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With this year’s Kintyre Agricultural Society show cancelled because of the coronavirus pandemic, secretary John Armour looks back on some of the highlights of the show since its inception in 1854.
As mentioned previously, the society had to move from Kintyre Park when the then new Campbeltown Grammar School started to be built in 1967 but this was obviously in directors’ minds long before it became a reality.
In April 1951 a committee was formed to look at Anderston but nothing came of it. In May 1959 it was reported that Kintyre Park may be required for a major building project and it was reported to a meeting in February 1960 that ‘there was no hope of having the show in Kintyre park beyond 1961’.
A committee was formed to look at Anderston again. It reported that the field was suitable for holding the show and for car parking. In March 1961, President John Barbour, Machribeg, said that Miss Andrew, the owner of Anderston Park, was willing to sell and that the society would get the first opportunity to buy it.
Directors agreed unanimously to put the proposal to an extraordinary general meeting of members. On a proposal from Colonel Hamish Taylor, seconded by David McKerral, it was unanimously agreed to go ahead with purchasing the field.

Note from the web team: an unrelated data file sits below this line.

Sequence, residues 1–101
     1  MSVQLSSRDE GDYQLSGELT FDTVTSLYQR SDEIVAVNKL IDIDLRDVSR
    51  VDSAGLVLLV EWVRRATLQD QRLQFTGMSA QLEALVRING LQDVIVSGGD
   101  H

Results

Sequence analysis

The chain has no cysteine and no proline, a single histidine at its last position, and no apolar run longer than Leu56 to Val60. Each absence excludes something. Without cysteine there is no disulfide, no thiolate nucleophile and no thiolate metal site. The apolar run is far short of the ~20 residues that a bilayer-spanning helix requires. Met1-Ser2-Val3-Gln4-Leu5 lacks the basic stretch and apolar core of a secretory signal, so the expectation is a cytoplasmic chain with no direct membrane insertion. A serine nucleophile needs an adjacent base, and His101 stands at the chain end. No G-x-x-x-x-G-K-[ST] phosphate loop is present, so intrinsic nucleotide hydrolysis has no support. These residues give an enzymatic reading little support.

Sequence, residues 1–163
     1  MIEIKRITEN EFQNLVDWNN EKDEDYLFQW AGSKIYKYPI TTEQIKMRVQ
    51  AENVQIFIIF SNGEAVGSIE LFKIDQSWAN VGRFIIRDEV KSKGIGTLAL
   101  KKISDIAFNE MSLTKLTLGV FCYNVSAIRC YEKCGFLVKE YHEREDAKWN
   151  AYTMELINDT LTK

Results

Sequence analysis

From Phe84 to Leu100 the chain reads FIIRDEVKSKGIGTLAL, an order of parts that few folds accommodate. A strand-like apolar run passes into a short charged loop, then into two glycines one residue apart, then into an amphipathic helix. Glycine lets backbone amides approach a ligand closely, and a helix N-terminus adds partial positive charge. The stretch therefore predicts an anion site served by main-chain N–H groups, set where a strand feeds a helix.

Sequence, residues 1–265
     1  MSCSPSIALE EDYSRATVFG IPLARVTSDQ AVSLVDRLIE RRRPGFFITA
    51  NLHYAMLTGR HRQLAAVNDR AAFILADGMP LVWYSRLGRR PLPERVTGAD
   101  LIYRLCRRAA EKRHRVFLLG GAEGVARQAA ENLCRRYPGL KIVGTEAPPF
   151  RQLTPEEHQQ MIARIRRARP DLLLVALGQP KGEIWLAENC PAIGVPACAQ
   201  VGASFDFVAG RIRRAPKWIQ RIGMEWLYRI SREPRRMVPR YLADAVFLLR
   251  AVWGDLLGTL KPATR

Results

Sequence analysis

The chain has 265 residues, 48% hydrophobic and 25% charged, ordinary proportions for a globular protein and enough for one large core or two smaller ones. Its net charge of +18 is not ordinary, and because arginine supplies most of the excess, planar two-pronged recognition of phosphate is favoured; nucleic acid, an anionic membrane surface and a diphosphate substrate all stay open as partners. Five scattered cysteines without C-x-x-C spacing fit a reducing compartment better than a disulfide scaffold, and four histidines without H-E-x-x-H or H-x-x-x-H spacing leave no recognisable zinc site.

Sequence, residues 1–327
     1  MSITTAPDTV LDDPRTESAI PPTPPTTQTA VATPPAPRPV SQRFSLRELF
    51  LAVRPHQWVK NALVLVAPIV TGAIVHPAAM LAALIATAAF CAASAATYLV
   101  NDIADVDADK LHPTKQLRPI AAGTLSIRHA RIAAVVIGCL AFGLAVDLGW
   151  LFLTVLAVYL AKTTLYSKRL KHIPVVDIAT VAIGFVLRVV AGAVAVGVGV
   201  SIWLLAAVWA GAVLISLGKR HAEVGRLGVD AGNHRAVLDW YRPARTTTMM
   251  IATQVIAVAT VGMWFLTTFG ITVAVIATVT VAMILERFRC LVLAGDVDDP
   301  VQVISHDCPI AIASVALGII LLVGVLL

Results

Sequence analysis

The meeting also proposed to negotiate the neighbouring strips of land at Whinhill from Argyll Estates.
On May 19 1961 the president announced to directors that the society had become owners of the fields on May 15. The new school however took a little longer than planned to be built and the show continued in Kintyre Park for another five years.
The 100th show was held on Friday June 4 1965. The Courier report of the show said: ‘It was an unqualified success. The quality of all sections of livestock was exceptional and spoke eloquently about the progress in both breeding and showing since the first show in 1855.
‘Kintyre Park as usual provided a splendid setting for the event and it was a pity the weather did not match the enthusiasm of the exhibitors and organisers. It was dull and cloudy most of the day and this undoubtedly prevented there being a bumper gate.
‘The attendance was still good and there had never been such an array of stands, 31 in all. The parade was one of the finest ever seen.’
The champion Ayrshire went to Donald Armour, Kilkeddan, the Clydesdale championship was won by David Smith, Airdaluinn, the beef championship went to J & A Reid, Calliburn, and the Blackface champion went to John Warnock, Killacraw.
The photos of Donald Armour, Kilkeddan, receiving the Tom Douglas Cup, and the Duke of Argyll presenting long service certificates have been kindly provided by The Scottish Farmer. Copies can be obtained by visiting the following link: https://thescottishfarmer.newsprints.co.uk/search/bykw/p/u/0/3/campbeltown